I know the calendar still says it’s August, but I can’t help feeling that Mother Nature, after a beast of a summer, has said “That’s it, we’re heading into September already.” There was a goodly amount of snow on top of Cornwall Mountain on Sunday, Aug. 22: not just a sprinkling of powder, but a substantial-looking dump of the white stuff. For two days the weather was damp and drizzly, and even when the sun is out it is undercut by a thin thread of chill that’s more akin to mid-September than the dog days of August.
Bears — which don’t usually start their “fatten up for winter” regime of raiding urban fruit trees until kids are back at school — are already out and about, doubtless driven in part by lack of food in burnt-out areas where they would normally be foraging for food. I heard a flock of Canada geese overhead this morning, and the leaves on the birch tree in our backyard — a reliable gauge of the time of year for a quarter-century — are showing signs of starting to turn.
Normally I would mourn this rushed end to summer, but I suspect I’m not alone in welcoming it this year. What makes it even sadder is the fact that summer 2021 started out so promisingly, if you set aside the monster heat dome that settled over the province in late June. It wasn’t going to last forever, after all, and COVID-19 regulations were set to loosen on July 1, a tantalizing promise of things that had been denied us for more than a year. We’d have concerts again! We could go to to movies and sports events! Weddings would be going ahead! All aboard the Freedom Express: next stop, a near-normal summer of fun!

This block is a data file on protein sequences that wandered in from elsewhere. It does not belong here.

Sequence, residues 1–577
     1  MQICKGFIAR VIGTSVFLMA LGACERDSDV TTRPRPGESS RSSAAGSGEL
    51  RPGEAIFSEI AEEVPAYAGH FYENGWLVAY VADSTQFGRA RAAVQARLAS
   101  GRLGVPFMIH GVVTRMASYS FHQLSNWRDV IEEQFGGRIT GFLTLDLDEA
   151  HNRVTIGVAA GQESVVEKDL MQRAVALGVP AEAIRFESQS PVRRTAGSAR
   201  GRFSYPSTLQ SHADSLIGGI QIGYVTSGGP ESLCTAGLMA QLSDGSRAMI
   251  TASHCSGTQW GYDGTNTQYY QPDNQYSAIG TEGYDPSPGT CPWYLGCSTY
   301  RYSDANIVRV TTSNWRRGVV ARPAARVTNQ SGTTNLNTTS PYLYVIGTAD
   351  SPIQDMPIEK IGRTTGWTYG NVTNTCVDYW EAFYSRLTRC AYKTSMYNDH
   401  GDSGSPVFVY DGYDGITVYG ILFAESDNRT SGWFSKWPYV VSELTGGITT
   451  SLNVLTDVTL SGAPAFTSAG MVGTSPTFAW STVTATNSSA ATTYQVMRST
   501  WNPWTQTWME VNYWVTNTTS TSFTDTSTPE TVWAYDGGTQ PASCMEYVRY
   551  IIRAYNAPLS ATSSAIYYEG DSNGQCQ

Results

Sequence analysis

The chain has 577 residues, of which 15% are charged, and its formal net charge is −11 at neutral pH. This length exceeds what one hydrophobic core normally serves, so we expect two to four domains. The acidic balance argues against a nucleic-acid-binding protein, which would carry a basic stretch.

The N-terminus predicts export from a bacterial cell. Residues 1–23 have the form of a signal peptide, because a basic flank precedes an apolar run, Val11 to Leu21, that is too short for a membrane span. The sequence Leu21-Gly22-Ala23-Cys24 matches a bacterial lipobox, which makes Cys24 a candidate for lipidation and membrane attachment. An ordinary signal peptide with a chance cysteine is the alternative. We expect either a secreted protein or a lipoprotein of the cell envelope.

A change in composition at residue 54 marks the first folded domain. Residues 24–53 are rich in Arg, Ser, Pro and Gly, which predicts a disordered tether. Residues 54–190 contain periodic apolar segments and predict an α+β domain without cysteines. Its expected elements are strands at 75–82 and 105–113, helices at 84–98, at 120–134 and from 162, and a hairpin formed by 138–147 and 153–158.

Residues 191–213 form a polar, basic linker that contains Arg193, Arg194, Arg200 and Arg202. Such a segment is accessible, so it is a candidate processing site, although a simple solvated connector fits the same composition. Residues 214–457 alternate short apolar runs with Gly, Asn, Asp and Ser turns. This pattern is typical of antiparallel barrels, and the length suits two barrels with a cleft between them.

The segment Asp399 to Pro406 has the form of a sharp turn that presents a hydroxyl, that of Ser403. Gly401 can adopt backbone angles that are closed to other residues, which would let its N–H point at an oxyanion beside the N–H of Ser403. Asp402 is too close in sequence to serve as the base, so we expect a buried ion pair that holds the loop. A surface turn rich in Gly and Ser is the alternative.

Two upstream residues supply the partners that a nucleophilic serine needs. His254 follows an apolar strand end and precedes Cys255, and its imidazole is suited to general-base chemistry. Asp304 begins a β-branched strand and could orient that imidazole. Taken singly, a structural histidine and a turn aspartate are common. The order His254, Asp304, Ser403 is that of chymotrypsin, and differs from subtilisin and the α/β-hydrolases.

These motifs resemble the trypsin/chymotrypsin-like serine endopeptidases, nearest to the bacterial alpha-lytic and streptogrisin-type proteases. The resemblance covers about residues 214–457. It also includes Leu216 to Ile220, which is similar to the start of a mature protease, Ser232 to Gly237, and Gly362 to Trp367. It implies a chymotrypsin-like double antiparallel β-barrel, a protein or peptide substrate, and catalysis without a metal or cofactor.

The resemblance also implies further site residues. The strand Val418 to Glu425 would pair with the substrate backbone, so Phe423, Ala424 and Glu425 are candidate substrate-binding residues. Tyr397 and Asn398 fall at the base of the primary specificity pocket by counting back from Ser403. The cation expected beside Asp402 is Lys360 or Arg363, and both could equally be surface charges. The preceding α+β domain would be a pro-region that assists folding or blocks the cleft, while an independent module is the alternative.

Well, that train ground to a halt on the late afternoon of June 30, when news began filtering out that something terrible was happening in Lytton, and never regained steam, as a litany of names of previously obscure geographic features — Lytton Creek, Sparks Lake, Flat Lake, Tremont Creek, McKay Creek, White Rock Lake, July Mountain, Mowhokam Creek — became all-too-familiar. A literal ring of fire had descended on the Southern and Central Interior.
The worst day — after June 30 — was Sunday, Aug. 15. That morning I saw a tweet from Kevin Skrepnek, formerly of the BC Wildfire Service, and a man who knows a thing or two about fires. Late in the evening of Aug. 14 he had written “In my career, I have never been more concerned than I am for what this province will face in the next ~36 hours.”
All I can say is that the next time I see Kevin, I’m asking him for some lottery numbers, because he was bang-on. “Firemageddon” is what I’ve dubbed Aug. 15, where it seemed that Every. Damn. Fire. decided to show us what it could really do, given the perfect storm of high temperatures, drought, and strong winds.
Then, having proved once and for all who’s in charge here, everything went — if not all quiet on the fire front, then a lot more quiet than it had been. Slowly, cautiously, small gains were announced. Fires might not be contained, but they weren’t growing. Evacuation orders and alerts — some in place since early July — began to be rescinded. To quote Nanki-Poo in The Mikado, modified rapture! We might just get a bit of summer after all.
Then, of course, came the news that due to an alarming rise in COVID-19 cases and hospitalizations in the region, new restrictions were going into place in Interior Health, and would be in effect until at least the end of September. It was official: the Freedom Express was cancelled, and would be returning to the station immediately. Sorry, tickets for summer 2021 are non-refundable.
So bring on autumn, I say; the sooner we can put this summer in the rear-view mirror, the better. Let’s all try again next year, and hope that the Freedom Express doesn’t get derailed again.